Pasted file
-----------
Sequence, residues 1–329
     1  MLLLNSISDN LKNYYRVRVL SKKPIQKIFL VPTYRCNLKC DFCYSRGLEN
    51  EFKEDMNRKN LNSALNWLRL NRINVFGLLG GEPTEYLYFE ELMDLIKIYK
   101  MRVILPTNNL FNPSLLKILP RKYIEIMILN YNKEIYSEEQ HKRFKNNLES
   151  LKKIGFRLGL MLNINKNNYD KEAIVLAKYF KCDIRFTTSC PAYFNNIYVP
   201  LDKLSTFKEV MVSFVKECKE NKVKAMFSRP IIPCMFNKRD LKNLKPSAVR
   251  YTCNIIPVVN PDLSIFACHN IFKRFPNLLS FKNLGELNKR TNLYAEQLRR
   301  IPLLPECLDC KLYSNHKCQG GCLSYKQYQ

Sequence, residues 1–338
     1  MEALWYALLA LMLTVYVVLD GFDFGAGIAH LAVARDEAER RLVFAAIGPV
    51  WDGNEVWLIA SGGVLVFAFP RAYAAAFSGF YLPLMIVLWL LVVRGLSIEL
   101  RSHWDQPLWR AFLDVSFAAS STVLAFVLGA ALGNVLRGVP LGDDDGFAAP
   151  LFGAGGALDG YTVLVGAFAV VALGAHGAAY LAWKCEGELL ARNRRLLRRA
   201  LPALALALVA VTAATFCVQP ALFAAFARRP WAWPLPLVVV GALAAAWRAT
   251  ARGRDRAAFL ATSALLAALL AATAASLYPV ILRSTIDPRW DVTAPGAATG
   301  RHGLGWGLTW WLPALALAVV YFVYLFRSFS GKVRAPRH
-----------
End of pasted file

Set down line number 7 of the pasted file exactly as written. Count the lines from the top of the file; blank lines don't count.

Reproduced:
   251  YTCNIIPVVN PDLSIFACHN IFKRFPNLLS FKNLGELNKR TNLYAEQLRR